Voting machine missing after Michigan clerk stripped of election power
Nov. 4: Deep in Trump country, a Michigan town mistrusts all elections, except its own
Oct. 29: Michigan troopers search clerk’s office for missing election equipment
LANSING — Michigan State Police launched a criminal investigation Thursday after election equipment at the center of a voting tabulator conspiracy theory went missing this week in a rural, conservative community.
Adams Township Clerk Stephanie Scott, a Republican whose social media has included QAnon memes, had refused to allow a vendor to conduct routine maintenance on a Hart Intercivic Inc. voting machine.
Hillsdale County Clerk Marney Kast, a fellow Republican who the state tasked with running the local election instead of Scott, told Bridge Michigan her office attempted to retrieve the Adams Township equipment earlier this week but was unable to locate the tablet, which she described as the “brains” of the machine.
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"I don't know where it's at or if it's been tampered with," Kast said.
Scott, the Adams Township clerk, did not immediately respond to requests for comment on Thursday from Bridge.
In a rare move, the Michigan Bureau of Elections this week stripped Scott of her election administration authority, accusing the first-term clerk of refusing to fulfill her “legal responsibilities” and spreading misinformation about the tabulators used in Hillsdale County.
Michigan Secretary of State Jocelyn Benson's office, which oversees the elections bureau, declined comment on the missing election equipment Thursday morning.
A spokesperson for the first-term Democrat cited a "pending criminal investigation” but did not provide any additional details or respond to a request for a copy of any recent communications with Scott.
Michigan State Police "are investigating at the request of the SOS," spokesperson Lori Dougovito confirmed Thursday evening.
Kast said she and staff went to the Adams Township hall to secure the voting machine on Monday at the direction of Michigan Bureau of Elections Director Jonathan Brater, who had written Scott that day instructing her to refrain from any election administration activity.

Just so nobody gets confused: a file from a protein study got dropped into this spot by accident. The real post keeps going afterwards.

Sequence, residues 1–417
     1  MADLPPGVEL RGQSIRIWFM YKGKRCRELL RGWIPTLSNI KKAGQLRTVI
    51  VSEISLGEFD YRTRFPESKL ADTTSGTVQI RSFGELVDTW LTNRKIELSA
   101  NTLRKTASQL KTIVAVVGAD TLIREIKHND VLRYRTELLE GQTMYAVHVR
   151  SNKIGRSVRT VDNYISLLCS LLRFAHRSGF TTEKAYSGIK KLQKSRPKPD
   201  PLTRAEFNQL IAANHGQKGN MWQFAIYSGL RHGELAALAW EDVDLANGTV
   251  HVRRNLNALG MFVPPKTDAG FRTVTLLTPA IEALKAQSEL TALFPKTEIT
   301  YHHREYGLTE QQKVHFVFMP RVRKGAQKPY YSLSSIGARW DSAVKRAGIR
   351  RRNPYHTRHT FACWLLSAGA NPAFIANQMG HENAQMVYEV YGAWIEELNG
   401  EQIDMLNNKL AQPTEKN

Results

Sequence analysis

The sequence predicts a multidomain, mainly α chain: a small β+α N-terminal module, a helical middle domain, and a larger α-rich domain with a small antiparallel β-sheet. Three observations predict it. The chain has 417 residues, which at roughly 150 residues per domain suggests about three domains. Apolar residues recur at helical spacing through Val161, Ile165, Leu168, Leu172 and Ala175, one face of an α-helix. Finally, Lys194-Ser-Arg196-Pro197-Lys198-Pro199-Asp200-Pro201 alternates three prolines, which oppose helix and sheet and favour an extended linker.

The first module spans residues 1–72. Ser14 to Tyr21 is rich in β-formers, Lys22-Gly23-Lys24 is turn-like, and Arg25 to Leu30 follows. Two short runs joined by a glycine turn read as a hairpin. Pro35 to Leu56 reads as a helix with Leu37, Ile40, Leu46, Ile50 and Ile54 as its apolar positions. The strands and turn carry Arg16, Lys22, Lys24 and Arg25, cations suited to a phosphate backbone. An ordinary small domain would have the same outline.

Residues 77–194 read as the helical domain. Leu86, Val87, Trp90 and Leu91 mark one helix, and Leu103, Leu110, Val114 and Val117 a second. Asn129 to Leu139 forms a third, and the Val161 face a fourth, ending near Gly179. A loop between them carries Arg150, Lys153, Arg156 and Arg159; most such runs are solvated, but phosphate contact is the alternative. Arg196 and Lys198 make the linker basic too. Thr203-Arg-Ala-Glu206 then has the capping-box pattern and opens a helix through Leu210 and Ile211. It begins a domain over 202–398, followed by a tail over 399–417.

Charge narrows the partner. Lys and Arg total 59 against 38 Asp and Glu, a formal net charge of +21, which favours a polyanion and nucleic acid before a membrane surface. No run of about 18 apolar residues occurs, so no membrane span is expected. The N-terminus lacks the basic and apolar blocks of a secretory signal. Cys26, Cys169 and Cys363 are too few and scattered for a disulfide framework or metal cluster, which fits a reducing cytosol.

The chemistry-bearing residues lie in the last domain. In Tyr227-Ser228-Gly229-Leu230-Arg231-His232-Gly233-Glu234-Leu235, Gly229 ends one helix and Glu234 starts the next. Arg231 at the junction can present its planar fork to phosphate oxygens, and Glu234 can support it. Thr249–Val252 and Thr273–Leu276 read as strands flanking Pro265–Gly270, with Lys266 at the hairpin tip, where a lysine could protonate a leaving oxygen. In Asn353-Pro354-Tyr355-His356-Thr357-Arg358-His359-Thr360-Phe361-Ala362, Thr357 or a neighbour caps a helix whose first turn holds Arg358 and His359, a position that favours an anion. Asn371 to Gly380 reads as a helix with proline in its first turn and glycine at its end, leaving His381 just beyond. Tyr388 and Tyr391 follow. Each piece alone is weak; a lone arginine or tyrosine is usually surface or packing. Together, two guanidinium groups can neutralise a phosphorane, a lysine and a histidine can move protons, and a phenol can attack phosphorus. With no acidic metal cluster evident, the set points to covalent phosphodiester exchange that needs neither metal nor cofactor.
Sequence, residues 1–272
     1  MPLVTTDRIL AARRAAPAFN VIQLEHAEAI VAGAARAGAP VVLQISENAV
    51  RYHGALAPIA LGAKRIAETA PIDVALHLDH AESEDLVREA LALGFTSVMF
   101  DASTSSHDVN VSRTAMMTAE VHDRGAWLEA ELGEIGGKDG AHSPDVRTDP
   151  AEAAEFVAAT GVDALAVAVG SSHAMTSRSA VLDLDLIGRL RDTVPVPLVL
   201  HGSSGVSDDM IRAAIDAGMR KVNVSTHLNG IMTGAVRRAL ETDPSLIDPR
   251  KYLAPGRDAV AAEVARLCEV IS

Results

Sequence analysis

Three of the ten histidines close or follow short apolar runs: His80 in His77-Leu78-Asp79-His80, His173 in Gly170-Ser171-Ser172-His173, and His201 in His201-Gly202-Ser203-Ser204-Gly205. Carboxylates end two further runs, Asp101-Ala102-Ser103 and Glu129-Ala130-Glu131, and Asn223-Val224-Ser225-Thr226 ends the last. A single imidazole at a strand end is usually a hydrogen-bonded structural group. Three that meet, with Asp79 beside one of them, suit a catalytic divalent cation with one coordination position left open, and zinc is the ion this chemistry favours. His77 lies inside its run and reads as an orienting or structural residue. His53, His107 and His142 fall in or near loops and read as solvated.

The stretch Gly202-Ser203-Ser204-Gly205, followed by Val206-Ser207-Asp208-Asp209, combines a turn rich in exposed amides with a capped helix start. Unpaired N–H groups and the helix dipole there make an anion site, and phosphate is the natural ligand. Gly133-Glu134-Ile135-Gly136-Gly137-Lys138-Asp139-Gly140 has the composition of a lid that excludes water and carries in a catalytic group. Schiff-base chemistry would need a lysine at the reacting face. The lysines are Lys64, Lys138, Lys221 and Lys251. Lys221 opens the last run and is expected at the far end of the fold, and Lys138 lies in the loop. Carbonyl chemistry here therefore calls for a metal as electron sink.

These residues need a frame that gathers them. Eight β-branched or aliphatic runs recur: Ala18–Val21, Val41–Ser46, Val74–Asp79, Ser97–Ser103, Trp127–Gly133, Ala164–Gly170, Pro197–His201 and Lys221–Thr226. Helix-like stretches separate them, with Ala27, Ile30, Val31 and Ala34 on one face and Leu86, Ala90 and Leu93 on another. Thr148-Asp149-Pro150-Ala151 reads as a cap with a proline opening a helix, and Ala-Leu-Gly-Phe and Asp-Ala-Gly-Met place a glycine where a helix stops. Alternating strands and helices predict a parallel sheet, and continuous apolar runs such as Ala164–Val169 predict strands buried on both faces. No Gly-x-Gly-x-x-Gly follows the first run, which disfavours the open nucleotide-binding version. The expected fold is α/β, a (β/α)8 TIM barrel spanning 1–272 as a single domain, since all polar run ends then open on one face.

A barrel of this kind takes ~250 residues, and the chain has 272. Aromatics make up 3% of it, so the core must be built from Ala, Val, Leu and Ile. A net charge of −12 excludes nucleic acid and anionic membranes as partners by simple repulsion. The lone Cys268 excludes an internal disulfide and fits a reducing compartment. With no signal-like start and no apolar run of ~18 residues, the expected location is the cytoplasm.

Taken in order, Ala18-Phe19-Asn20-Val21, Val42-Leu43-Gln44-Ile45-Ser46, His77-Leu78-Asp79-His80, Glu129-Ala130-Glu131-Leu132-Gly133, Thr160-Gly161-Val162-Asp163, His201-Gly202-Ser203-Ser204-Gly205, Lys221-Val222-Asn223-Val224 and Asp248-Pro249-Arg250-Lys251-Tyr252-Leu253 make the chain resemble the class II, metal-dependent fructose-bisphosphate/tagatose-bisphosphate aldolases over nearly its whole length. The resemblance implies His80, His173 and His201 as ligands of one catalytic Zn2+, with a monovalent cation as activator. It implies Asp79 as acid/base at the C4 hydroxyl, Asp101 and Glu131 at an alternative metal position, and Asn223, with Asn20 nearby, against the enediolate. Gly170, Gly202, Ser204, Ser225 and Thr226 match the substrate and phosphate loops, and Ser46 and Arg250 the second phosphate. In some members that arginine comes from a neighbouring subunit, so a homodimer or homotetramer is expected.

County officials collected the tabulator case, but when they unlocked it the next day in their offices at the Hillsdale County Courthouse, "the tablet was missing," Kast told Bridge.
Scott told Bridge on Tuesday that she was concerned about the accuracy of the tabulator and feared maintenance or servicing could wipe old data, echoing unfounded claims that voting machines may have been rigged against former President Donald Trump in 2020.
She accused the state of “tyranny” for stripping her election authority.
"The county clerk's office and now Secretary of State are demanding I drop off my machine for unfettered access, and God only knows doing what to it,” Scott told Bridge earlier this week. “When you have the fox guarding the hen house, somebody's got to stand up and guard those hens.”
The state recently warned Scott of potential "consequences should you continue to fail to perform your statutory duties" and asked her to correct "false" statements.
Brater told her by letter that the tabulator itself does not actually store any data, which is instead housed on a USB drive during each election and later downloaded onto a county servier for preservation. Local clerks retain all paper ballots.
Scott’s personal Facebook page includes memes in support of QAnon, a wide-ranging conspiracy theory alleging world governments are controlled by a shadowy cabal of pedophiles who worked to undermine Trump and steal the 2020 election.
The first-term Adams Township clerk, who took office this year, did not respond to a voicemail or follow-up text message about her Facebook posts, including QAnon logos she appeared to delete this week.
But QAnon references remain sprinkled throughout her Facebook profile, including posts alleging liberal pedophilia and several that include the conspiracy theories’ rallying cry “WWG1WGA,” or “where we go one we go all.”
On Nov. 9, six days after the 2020 election won by Democratic President Joe Biden, Scott posted a link to election fraud theories from former state Sen. Patrick Colbeck, R-Canton Township, and added her own commentary: “This isn't over. WWG1WGA.”
The same day, Scott criticized a National Public Radio fact check that disputed Trump’s claim Biden was “rushing to falsely pose as the winner” because the results had not yet been certified, a process that Congress and Vice President Mike Pence would conclude on Jan. 6 despite riots at the U.S. Capitol.